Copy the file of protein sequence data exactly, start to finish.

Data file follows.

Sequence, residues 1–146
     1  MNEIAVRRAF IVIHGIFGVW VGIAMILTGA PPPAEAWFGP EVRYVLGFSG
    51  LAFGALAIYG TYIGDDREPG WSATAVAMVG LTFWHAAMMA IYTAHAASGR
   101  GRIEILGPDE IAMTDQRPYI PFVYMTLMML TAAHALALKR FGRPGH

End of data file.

Sequence, residues 1–146
     1  MNEIAVRRAF IVIHGIFGVW VGIAMILTGA PPPAEAWFGP EVRYVLGFSG
    51  LAFGALAIYG TYIGDDREPG WSATAVAMVG LTFWHAAMMA IYTAHAASGR
   101  GRIEILGPDE IAMTDQRPYI PFVYMTLMML TAAHALALKR FGRPGH